AP Photo/Wayne Parry
Parts of the New Jersey shore where dunes were damaged by Superstorm Sandy are keeping a close eye on the storm and shoring up temporary defenses for it.
LONG BEACH TOWNSHIP, N.J. (AP) — The Jersey shore isn't finished recovering from Superstorm Sandy, but the elements don't care: Another significant storm was bearing down Tuesday on areas still vulnerable from the catastrophic one in October.
(FORECAST: Winter Storm Saturn)
The storm was due to hit the state on Wednesday and continue into Thursday. It should bring rain and snow, but one of the biggest problems could be flooding in areas where dunes were washed away and many damaged homes still sit open and exposed. Those areas could get 2 to 4 inches of snow, with Monmouth and some inland counties possibly getting as much as 6 inches, the National Weather Service said.
The weather service issued a winter storm warning for the region from 4 a.m. Wednesday until 3 a.m. Thursday, although effects of the storm are expected to last into the day Thursday. A coastal flood warning is in effect from 1 a.m. to 8 a.m. Thursday for the Atlantic coast, Barnegat, Raritan and Delaware bays, where high tides tend to trail ocean tides by a few hours.
Forecasters say the storm will cause moderate to major flooding in some spots, worsen already significant beach erosion and bring high winds that could gust as strongly as 60 mph. Waves on the ocean will be 15 to 20 feet high.
The weather service warned that "some dune breaches and possible property damage to vulnerable structures due to continued compromised beaches are quite possible."
That had some residents of Sandy-battered communities on edge.
"We're always worried anytime one of these nor'easters blows through here," said Ed Newman, of the Holgate section of Long Beach Township, one of the communities hit hardest by Sandy, the state's worst natural disaster.
Newman's house survived the October superstorm with just the loss of some siding, thanks largely to a decades-old dune between it and the Atlantic Ocean.
But Sandy lopped the top 6 feet off that dune, according to his wife, Pat Newman.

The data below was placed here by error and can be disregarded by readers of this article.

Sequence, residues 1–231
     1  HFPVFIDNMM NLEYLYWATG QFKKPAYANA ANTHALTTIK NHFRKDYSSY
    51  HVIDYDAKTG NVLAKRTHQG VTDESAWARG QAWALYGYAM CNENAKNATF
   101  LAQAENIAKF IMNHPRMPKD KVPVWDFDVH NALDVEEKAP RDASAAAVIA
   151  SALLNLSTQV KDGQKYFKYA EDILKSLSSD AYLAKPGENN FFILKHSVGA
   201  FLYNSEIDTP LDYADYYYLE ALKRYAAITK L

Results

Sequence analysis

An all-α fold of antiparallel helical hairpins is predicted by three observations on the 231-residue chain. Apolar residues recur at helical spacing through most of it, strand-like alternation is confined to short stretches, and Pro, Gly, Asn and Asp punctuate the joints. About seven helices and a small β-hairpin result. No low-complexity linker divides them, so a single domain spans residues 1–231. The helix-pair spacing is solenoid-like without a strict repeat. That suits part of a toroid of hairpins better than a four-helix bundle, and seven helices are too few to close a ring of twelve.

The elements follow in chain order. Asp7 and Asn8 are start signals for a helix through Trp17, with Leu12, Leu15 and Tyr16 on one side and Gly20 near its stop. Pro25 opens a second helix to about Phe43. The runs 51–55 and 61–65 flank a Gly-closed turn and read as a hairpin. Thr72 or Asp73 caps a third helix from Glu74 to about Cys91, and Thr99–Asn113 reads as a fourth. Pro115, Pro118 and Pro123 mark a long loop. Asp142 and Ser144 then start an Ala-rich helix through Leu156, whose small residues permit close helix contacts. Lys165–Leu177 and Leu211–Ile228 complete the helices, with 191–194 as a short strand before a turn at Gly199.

"They pushed sand up there to try to fill some in, but we're still not back to where we were," she said.
Paul Gorbe, of Jackson Township, drove to the Point Pleasant Beach boardwalk on Tuesday to watch it being rebuilt from the damage Sandy inflicted on it. He, too, was concerned about the impending storm.
"From what I've seen it could be pretty bad, though not as bad as Sandy," he said. "They're calling for another storm surge. It's unbelievable. I'm a contractor, and I've been working on houses in this area that had four feet of sand in them. It's unbelievable."
Mixed precipitation at the shore and in southern New Jersey was expected to begin before dawn on Wednesday and continue throughout the day, changing to all snow toward evening.
(MORE: Winter Storm Saturn Resources)
Emergency management officials were taking the approaching storm seriously. Toms River and Brick Township issued voluntary evacuation notices Tuesday for residents of low-lying or traditionally flood-prone neighborhoods.
Brick police Sgt. Keith Reinhard said his town, where more than 100 houses burned during Sandy as gas lines ruptured and power lines came down, will experience high tides 2 feet above normal Wednesday afternoon, Thursday afternoon and very early Friday morning.
"A complete wash-over of the beaches is likely Wednesday night, and beach erosion will be an issue due to the persistent high tides and rough surf," he said.
Public works crews were busy Tuesday shoring up eroded dunes as the new storm approached. Bulldozers pushed up piles of sand in Long Beach Township, Lavallette, Bay Head and Toms River.
Officials in Toms River, whose Ortley Beach was devastated by the storm and has fewer than 70 residents living in it, also requested voluntary evacuations from flood-prone areas.
A coastal flood watch is in effect for the entire Jersey shore from Wednesday afternoon through Thursday evening, along with a high wind warning for sustained winds of 30 to 40 mph, with gusts of up to 60 mph.
Any snow likely will be wet and heavy, possibly bringing down trees or limbs and causing power outages.
Further north, the weather service predicted that Newark would see 1 to 3 inches of snow accumulation by Wednesday night, while Morristown could get 3 to 5 inches and Sparta in Sussex County could get 2 to 4 inches, as could Trenton. Cape May could see 1 to 3 inches of snow.
SLIDESHOW: Winter Storm Saturn Slams Midwest
James Madison University employee John Beach walks to work along Court Square in downtown Harrisonburg, Va., as snow begins to fall Tuesday night, March 5, 2013. (AP Photo/Daily News-Record, Michael Reilly)
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